John Wiley & Sons, Ltd.

Review of polyoxymethylene (POM) passive sampling methods for quantifying freely‐dissolved pore water concentrations of hydrophobic organic contaminants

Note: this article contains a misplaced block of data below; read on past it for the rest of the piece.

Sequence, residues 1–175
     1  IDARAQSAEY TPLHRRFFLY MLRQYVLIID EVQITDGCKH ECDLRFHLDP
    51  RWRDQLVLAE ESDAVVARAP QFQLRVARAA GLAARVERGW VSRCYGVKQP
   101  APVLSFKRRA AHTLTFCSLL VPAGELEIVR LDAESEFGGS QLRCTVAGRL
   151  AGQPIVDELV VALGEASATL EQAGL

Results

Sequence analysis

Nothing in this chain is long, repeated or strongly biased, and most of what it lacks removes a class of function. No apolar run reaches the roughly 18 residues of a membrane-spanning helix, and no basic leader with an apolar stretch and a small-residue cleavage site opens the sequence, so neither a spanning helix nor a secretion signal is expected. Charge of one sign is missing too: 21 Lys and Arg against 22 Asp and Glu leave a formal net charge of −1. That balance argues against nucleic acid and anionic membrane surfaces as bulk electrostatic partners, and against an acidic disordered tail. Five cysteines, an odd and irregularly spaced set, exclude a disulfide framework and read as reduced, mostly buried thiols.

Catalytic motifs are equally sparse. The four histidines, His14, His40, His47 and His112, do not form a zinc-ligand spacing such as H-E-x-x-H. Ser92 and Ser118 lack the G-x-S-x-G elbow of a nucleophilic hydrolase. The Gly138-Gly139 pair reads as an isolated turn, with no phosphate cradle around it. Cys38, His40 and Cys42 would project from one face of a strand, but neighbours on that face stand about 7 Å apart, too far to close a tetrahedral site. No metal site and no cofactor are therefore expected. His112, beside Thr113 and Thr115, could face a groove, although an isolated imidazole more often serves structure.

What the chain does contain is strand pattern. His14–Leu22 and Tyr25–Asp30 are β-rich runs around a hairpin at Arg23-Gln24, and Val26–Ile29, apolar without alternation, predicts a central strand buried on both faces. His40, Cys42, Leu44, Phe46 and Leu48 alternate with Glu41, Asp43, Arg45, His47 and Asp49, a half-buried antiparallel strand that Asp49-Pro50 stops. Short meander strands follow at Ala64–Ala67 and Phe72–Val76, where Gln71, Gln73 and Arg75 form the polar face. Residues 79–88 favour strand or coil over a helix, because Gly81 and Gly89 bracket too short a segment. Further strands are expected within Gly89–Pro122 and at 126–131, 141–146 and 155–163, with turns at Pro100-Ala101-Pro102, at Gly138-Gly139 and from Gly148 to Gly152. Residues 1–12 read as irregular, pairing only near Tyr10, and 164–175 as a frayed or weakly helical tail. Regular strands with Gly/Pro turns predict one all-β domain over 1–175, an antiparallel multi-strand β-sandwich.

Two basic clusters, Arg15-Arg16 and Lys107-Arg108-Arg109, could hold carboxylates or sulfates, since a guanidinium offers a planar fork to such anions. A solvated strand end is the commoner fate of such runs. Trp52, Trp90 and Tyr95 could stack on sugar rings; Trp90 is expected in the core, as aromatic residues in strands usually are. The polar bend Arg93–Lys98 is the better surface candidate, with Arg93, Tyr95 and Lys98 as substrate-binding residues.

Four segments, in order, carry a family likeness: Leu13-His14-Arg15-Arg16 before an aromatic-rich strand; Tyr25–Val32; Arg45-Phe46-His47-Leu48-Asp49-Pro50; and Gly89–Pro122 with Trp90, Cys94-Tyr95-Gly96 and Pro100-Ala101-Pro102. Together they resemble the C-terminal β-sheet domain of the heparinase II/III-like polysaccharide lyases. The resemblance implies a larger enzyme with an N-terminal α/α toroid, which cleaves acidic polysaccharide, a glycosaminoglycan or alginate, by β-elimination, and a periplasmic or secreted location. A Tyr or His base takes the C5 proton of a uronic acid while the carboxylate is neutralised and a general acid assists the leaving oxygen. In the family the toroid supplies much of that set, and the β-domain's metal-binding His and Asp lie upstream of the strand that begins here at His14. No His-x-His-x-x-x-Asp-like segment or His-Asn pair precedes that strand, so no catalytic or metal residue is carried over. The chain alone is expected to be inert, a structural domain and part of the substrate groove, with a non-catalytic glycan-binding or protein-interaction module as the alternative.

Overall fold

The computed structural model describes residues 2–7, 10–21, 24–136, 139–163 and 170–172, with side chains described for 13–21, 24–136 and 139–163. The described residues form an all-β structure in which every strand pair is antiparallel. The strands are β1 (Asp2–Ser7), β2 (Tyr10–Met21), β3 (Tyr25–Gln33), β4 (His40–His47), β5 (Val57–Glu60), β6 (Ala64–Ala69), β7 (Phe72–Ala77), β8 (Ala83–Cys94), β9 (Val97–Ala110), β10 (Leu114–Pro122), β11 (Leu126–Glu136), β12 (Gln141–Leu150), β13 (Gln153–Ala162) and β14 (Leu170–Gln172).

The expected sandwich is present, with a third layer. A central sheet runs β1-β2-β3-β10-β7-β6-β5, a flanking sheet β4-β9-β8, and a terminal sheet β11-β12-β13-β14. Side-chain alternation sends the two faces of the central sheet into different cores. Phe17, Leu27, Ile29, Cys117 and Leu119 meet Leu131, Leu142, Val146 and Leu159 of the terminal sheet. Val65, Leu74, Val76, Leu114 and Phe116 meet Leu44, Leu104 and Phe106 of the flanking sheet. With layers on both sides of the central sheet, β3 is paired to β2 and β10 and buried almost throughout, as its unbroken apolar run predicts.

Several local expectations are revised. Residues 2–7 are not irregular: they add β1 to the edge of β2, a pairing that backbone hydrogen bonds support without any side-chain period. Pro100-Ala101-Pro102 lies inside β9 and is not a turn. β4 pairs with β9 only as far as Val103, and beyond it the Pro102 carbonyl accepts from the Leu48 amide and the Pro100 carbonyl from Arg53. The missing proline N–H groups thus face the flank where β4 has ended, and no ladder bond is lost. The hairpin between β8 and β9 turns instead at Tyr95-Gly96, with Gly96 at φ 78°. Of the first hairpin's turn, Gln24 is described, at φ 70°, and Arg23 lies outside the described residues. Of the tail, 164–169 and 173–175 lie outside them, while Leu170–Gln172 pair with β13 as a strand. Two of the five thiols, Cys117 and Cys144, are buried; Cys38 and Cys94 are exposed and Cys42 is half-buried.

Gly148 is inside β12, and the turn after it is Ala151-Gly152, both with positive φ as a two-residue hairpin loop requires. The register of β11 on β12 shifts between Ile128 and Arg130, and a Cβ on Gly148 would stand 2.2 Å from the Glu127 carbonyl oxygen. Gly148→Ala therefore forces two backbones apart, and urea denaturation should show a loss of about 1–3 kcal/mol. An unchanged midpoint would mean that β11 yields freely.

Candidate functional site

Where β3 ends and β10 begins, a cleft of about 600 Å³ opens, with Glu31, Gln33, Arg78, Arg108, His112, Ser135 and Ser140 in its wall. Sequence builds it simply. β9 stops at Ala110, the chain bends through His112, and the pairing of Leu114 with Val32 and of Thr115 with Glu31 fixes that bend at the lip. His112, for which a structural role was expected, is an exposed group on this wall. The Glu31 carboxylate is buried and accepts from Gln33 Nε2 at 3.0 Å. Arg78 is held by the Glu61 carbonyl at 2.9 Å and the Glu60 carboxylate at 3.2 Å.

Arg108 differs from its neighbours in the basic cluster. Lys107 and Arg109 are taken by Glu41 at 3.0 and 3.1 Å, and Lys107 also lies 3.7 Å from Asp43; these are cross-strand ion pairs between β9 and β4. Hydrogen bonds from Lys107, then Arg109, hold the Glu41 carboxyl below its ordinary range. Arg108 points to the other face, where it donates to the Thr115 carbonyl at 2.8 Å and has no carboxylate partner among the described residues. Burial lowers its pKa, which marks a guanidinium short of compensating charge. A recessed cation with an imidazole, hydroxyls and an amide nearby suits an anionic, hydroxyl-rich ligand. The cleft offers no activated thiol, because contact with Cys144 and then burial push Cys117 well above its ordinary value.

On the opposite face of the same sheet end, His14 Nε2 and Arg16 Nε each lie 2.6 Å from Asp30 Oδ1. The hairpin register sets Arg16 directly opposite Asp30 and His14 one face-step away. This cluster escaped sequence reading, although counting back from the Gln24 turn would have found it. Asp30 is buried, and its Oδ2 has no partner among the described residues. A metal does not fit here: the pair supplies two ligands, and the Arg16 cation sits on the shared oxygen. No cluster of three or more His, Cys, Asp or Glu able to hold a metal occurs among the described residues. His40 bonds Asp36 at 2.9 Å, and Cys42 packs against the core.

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Methods involving polyoxymethylene (POM) as a passive sampler are increasing in popularity to assess contaminant freely‐dissolved porewater concentrations in soils and sediments. These methods require contaminant‐specific POM‐water partition coefficients, KPOM. Specific methods for determining KPOM perform reproducibly (within 0.2 log units). However, different methods can lead to highly varying KPOM values (up to two log units), especially for polycyclic aromatic hydrocarbons (PAHs). To account for this, the authors tested the influence of key methodological components in KPOM determinations, including POM thickness, extraction procedures, environmental temperature and salinity, as well as uptake kinetics in mixed and static systems. All inconsistencies in the peer‐reviewed literature can be accounted for by thick POM materials (500 μm or thicker) not achieving equilibrium (causing negative biases up to one log unit), or by POM extraction procedures not ensuring quantitative extraction (causing negative biases up to two log units). Temperature can also influence KPOM, though all previous literature studies were carried out at room temperature. This study found KPOM values at room temperature are independent (within 0.2 log units) of POM manufacture method, thickness between 17 to 80 μm, and salinity between 0 to 10 %. Regarding kinetics, monochoro to hexachloro ‐polychlorinated biphenyls (PCBs) were within 0.2 log units of equilibrium after 28 days in the mixed system, but only dichloro‐PCBs achieved near equilibrium after 126 days in the static system. Based on these insights recommended methods and KPOM values to facilitate inter‐laboratory reproducibility are presented. This article is protected by copyright. All rights reserved

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